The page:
The Related Terminology about Soil Fertility
If you don’t know the following terminology related to soil fertility, how can you say that you are engaged in agriculture!
Agriculture, a scarce resources industry, is an industry that produces life. Since the arable land and water resources are less and less, the quality of food are required to be better and better in spite of the growing population. Scarce resources must be managed by efficiency man. Therefore, the future agriculture is not an extensive growth mode, but a highly integrated type that integrates technology, talents and other factors. It requires new equipment, new technologies, and new farmers. If you don’t understand the following soil fertility related terms, how can you say that you are engaged in agriculture!
The related terminology soil fertility
- Soil: It is a layer of loose material that can cover the earth’s land surface.And it has fertility characteristics and can grow green plants.
- Soil fertility: The ability of the soil to supply and regulate the water, nutrients, air and heat which are necessary for the normal growth of plants to some extent.
- Natural fertility: The fertility developed by soil itself under the combined actionof natural factors (five major soil-formingfactors: climate, biology, parent material, topography, time).
- Artificial fertility: the fertility developed by humans through cultivation and ripeningprocess on natural soil .
- Effective fertility: subjected to the soilpropertyitself, environmental conditions and techniques of soil management (farming, fertilization, cultivation and management), only part of soil fertility is shown in production. (Only part of it can be used by plants and showed out through the physical, chemical, and biological properties of the soil.)
- Potential Fertility: Soil fertility that is not directly reflected in production.
- Fertilizer: A general term for any substance that directly supplies nutrients necessary for plant growth, and improves soil properties to increase plant yield and quality.
- Organic Fertilizer: A general term for natural fertilizers that are locally produced in rural areas and that are made up of various agricultural wastes.
- Inorganic fertilizer: An inorganic compound containing high amounts of nutrients, which is produced through factorychemical processing.
- Mineral: A kindof compounds or elements that are naturally produced in the earth’s crust and have a certain chemical composition, physical properties, and internal structure.
- Soil organic matter: A general term for various carbonaceous organic compounds present in soil, narrowly defined as humus in soil.
- Ash element: An element that remains in the ash after it has been burned.
- Humification process: The process of forming simple, organic compounds into new, farily stable organic compounds that can preserve their nutrients.
- Humus: It is a general term for a series of dark amorphous polymers with similar structure, element composition and properties in soil organic matter.
- Soil texture: The type of soil that is divided according to a certain range of mechanical composition.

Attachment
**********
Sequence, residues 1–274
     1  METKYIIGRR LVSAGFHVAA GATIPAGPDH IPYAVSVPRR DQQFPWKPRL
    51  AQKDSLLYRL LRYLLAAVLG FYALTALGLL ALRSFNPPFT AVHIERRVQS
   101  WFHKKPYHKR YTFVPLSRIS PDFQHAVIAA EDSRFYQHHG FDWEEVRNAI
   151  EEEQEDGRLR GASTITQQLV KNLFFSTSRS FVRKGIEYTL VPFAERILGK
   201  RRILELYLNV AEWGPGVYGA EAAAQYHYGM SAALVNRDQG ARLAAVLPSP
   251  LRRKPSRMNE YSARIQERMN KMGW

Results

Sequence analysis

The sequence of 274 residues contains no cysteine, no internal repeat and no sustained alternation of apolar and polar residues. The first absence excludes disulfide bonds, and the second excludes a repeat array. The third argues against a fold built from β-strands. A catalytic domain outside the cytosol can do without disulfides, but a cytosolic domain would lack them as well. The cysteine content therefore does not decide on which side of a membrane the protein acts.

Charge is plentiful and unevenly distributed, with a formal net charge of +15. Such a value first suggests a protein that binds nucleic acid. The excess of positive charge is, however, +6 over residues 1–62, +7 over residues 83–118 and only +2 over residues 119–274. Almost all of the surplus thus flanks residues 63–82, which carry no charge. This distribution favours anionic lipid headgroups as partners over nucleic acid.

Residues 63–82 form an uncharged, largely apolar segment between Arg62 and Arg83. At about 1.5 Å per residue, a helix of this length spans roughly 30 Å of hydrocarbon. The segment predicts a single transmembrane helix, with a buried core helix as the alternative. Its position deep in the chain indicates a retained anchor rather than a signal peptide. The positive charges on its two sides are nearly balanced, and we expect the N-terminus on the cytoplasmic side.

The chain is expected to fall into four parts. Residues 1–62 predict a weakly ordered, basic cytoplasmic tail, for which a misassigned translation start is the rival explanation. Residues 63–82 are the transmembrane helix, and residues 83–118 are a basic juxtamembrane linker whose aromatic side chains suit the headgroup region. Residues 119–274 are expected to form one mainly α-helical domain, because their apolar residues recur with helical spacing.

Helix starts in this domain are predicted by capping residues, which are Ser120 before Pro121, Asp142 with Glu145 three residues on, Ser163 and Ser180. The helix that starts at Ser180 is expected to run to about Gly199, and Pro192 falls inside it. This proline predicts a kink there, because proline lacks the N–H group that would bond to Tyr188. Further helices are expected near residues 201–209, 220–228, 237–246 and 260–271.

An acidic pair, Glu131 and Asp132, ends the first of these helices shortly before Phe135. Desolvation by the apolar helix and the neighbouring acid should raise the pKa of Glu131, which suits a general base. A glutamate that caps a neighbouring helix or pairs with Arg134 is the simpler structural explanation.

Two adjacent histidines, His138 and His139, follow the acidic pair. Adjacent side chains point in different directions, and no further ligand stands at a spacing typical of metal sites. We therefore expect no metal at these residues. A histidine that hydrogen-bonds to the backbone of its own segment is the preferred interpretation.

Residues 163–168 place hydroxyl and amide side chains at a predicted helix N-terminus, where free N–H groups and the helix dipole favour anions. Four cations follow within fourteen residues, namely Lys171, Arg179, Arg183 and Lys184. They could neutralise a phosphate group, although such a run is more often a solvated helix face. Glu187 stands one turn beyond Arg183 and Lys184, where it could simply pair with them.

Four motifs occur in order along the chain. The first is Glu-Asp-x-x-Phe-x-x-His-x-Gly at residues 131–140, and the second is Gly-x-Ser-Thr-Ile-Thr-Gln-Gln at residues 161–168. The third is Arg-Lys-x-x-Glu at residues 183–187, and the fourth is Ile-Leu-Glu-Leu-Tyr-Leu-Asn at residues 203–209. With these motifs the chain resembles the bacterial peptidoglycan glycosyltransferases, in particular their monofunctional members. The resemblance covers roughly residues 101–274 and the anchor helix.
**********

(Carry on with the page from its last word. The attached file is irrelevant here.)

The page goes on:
- Mineralization process: The process by which organic matter is broken down into simple inorganic compounds and release mineral nutrients.
- Nitrification: The process of oxidizing NH4+-N to NO3-N by the action of nitrosating bacteria and nitrifying bacteria under well-ventilated conditions.
- Denitrification: The process by which denitrifying bacteria reduce nitrate to N2O and N2 under anaerobic or microaerobic conditions.
- Vulcanization: The process by which a reduced type of inorganic sulfide is oxidized to sulfuric acid by a sulfurized bacteria.
- Humidification coefficient: The number of grams (dry weight) that can be decomposed into humus after being applied to the soil per gram of organic matter (dry weight).
- Soil structure: Under the combined effect of internal and external factors, the soil particles agglomerate into aggregateof different sizes, shapes and properties.
- Adsorption properties of soil: The surface of soil particles has the ability to adsorb yin and yangparticle, gases, liquids and other substances.
- Exchange of positive ion: The interaction of cations adsorbed on the surface of the soil colloid with cations in the soil solution.
- Cation exchange capacity: refers to the number of moles of all exchangeable cations absorbed per kilogram of dry soil at a pH of 7.
- Ion saturation: The amount of this ion adsorbed by the soil as a percentage of the amount of soil cation exchange.
- Complementary ions: The soil colloid adsorbs multiple cations at the same time, and they are called complementary ions.
- Essential element:the plant can not normally grow without this element.
- The three elements of fertilizer: N, P, K are the nutrient elements that are needed for crops and lose much when harvested, but the amount returned to soil by the formation of residues and roots is not much, so the effective amount in the soil is small. so fertilization and regulationis essential.
- The enthalpy effect of ions: the presence or excess of one ion in a solution can inhibit the absorption of another ion.
- Ion interaction (Witz action): The presence of an ion in a solution facilitates the absorption of another ion by the root.
- Precipitation of phosphoric acid: The phosphoric acid produced by the dissolution process of superphosphate is very acidic. When it diffuses to the surroundings, it can dissolve iron, aluminum, manganese or calcium, magnesium, etc. in the soil. When these cations reach a certain concentration, acorresponding phosphate precipitate is produced.
- Weak acid soluble phosphate fertilizer: Phosphate fertilizer soluble in 2% citric acid or neutral ammonium citrate solution.
- Compound fertilizer: Among the three nutrients ofN, P and K, there are at least two kinds of nutrients are clearlyindicated.